Cleaning N64 games is a controversial topic. It doesn’t have to be. There are some techniques floating around that can be harmful. But I also bristle when I see people say there’s one and only one right way. Here are some techniques for cleaning N64 games, based on my decades of experience fixing computers and game systems.
In some ways, 1985 was a really pivotal year for computing. The industry was changing fast, but in 1985, many relics from the past were still present even as we had an eye for the future. Here’s a look back at computers in 1985 and what made that year so interesting.
I think 1985 was interesting in and of itself, but it also made the succeeding years a lot more interesting. A surprising amount of the technology that first appeared in 1985 still has an impact today.
Digital Equipment Corporation was perhaps the second most important computer company in history, behind IBM. Its minicomputers challenged IBM, and, indeed, Unix first ran on a DEC PDP-7. DEC’s Alpha CPU was one of the few chips to make Intel nervous for its x86 line. It created the first really good Internet search engine. In a just and perfect world, DEC would still be dominating. Instead, it faded away in the 1990s. What happened to Digital Equipment Corporation?
There’s a short answer and a long answer.
Readers of a certain age will remember CompUSA, a defunct big-box computer retailer. What happened to CompUSA? It went out of business, then came back as an undead brand, then went away again.
In some ways, CompUSA was the epitome of 1990s computer retail. It had huge big box stores with aisles of software and upgrades. It sold desktop computers, including its own house brand, Compudyne, manufactured for CompUSA by Acer. But the business model didn’t work as well in the 21st century.
What is a game cartridge? If you’re asking, you must not have grown up in the 1980s. But that’s OK. We’re happy to share our generation’s fun with you.
A game cartridge is a plastic case containing a circuit board, a connector, and a ROM chip. CDs and DVDs ultimately displaced them because they offered higher capacity at a lower cost. But in the 1970s and 1980s, the only lasers our game consoles had were the ones they drew on the screens in games about aliens. We liked our cartridges, even if we called them tapes sometimes.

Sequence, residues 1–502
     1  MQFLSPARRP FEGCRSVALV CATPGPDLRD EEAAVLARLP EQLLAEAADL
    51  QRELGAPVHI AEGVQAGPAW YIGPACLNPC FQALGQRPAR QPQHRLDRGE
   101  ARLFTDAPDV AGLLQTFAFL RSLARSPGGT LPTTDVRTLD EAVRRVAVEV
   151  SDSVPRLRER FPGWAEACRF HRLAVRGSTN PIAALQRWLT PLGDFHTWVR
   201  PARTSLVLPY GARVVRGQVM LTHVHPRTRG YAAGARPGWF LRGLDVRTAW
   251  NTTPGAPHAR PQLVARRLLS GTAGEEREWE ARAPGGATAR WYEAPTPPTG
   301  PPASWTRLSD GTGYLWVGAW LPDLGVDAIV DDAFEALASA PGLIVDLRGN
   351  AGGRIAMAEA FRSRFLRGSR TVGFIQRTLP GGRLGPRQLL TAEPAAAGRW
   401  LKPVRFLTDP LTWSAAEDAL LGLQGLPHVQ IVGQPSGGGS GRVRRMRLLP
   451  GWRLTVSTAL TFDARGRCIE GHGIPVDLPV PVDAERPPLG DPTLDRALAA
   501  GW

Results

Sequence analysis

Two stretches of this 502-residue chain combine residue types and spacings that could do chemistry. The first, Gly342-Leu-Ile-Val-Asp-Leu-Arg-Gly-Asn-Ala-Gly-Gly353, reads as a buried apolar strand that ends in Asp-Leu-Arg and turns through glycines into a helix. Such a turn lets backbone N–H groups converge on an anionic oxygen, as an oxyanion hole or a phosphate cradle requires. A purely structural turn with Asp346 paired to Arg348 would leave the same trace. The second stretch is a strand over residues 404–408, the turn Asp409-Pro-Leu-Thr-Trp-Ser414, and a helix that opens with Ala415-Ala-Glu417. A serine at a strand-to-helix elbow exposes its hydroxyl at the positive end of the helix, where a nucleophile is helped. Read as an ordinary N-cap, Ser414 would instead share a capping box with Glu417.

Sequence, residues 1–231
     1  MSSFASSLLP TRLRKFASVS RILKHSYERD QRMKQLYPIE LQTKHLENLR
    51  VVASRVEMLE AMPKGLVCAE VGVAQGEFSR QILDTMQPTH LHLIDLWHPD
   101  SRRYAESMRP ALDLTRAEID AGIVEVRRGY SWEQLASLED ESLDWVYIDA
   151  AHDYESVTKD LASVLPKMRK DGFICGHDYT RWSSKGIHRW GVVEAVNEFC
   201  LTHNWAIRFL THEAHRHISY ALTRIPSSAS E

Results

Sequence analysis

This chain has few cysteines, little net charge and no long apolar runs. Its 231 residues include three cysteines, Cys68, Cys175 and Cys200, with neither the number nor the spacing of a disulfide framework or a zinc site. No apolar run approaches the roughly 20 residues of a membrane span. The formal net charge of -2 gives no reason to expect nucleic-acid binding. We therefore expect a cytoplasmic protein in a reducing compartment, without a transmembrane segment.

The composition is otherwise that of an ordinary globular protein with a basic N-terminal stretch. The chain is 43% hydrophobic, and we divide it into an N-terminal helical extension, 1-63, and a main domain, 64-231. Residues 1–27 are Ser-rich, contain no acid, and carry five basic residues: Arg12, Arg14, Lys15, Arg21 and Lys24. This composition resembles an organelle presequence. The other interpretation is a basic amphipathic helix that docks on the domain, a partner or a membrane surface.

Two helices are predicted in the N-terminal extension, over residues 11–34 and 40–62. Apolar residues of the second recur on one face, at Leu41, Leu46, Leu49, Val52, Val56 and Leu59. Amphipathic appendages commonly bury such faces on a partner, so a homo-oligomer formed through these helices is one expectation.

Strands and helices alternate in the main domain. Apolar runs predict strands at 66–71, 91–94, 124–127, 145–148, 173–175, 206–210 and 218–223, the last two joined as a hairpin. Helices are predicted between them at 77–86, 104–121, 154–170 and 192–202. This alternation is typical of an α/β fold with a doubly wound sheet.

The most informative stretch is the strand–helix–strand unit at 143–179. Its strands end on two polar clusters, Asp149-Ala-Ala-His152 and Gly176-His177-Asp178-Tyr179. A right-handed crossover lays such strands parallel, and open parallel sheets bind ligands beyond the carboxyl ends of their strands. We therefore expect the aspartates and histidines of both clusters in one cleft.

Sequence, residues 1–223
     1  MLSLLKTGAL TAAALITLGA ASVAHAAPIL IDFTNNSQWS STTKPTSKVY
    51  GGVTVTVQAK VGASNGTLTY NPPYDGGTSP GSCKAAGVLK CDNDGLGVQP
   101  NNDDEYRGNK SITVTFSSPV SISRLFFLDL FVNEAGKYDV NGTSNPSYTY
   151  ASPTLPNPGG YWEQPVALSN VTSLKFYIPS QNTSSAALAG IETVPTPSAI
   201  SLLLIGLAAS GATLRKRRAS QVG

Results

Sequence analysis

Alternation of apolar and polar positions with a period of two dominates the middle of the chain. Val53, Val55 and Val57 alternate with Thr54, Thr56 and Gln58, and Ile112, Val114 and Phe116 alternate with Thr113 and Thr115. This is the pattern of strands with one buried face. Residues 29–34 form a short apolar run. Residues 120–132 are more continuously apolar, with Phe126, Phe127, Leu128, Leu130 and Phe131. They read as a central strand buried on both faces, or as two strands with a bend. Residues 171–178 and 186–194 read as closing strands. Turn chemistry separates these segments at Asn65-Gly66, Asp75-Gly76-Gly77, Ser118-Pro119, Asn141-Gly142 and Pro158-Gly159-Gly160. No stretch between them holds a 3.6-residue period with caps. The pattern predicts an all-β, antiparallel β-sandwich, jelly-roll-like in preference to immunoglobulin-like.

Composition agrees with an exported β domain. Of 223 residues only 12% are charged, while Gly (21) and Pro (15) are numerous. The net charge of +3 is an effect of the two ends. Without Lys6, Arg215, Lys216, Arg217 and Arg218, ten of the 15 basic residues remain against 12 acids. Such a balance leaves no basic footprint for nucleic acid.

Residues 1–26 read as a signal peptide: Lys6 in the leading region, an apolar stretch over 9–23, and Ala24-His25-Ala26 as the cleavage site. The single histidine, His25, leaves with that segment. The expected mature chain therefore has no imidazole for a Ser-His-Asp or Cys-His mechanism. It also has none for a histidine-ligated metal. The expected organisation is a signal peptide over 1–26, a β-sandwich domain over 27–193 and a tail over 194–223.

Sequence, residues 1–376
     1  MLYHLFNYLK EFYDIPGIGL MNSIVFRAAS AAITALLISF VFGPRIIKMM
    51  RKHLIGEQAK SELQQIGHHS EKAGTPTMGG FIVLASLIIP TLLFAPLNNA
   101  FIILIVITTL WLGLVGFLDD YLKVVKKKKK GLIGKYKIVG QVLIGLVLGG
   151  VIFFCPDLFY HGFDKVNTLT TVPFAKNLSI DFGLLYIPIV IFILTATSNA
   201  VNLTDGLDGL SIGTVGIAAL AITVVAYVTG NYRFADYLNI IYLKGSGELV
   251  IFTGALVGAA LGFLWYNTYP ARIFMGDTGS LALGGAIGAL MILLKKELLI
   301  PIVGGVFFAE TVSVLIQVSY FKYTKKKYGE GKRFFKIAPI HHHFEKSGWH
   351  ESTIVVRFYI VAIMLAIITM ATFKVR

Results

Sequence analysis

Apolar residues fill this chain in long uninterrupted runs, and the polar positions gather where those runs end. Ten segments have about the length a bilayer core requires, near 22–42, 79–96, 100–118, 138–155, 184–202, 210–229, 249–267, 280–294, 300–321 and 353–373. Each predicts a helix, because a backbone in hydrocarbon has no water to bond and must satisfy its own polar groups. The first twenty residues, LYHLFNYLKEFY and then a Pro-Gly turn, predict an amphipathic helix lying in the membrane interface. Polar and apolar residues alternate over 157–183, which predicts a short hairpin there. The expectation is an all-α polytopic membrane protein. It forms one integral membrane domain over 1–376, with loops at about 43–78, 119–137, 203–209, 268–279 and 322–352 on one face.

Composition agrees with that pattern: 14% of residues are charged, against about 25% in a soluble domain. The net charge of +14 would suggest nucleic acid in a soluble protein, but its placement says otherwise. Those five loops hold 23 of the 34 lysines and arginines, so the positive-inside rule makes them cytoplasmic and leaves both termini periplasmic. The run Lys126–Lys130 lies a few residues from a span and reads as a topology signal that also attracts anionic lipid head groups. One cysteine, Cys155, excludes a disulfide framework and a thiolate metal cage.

Over the course of its 12 years on the market, Commodore released a number of Commodore 64 models. The computer’s capability changed very little over time, but the technology did. The world changed a lot between 1982 and 1994, and that gave Commodore some opportunities to lower costs, chase other market segments, or both.
Here’s an overview of the various Commodore 64 models that hit the market over the machine’s long life.
The IBM PS/2 line was a fairly radical departure from the older IBM PC line. This was deliberate, as IBM wanted to disrupt the clone industry, which it saw as a threat to its business. Here’s a look back at the IBM PS/2 vs PC, the line it replaced.
IBM succeeded with the PC because it created an ecosystem, not just a PC. IBM’s misstep was creating an open architecture and then trying to close it back up after the fact with the PS/2. In IBM’s defense, it’s not clear whether they knew this at the time. If nothing else, in the case of the IBM PS/2 vs PC, IBM created a classic case study of open architecture vs closed.
The Compaq Deskpro 386, announced in September 1986, was a landmark IBM PC compatible computer. The first fully 32-bit PC based on the Intel 386, its release took the leadership of the PC ecosystem away from IBM, and Compaq became the leader.
Compaq was no upstart by 1986. Its Compaq Portable was a runaway success earlier in the decade, and Compaq was a darling of the industry.
The Atari 2600 power supply wasn’t as durable as the rest of the Atari 2600, which is nearly bulletproof. By far the most common issue with the Atari 2600 is a dead AC adapter. Fortunately, a suitable Atari 2600 AC adapter isn’t hard to find, even today.
After you replace it with something new, or at least newer, a dead Atari console usually springs right back to life.
The Atari 2600 CPU was a nondescript MOS 6507 chip. Neither Intel nor Motorola had a CPU chip in the early 1970s that could meet Atari’s price point. MOS Technology didn’t have one either, but they asked Atari what they could afford. Then they made one.
The 6507 is so nondescript, some of them don’t even have the number “6507” anywhere on them.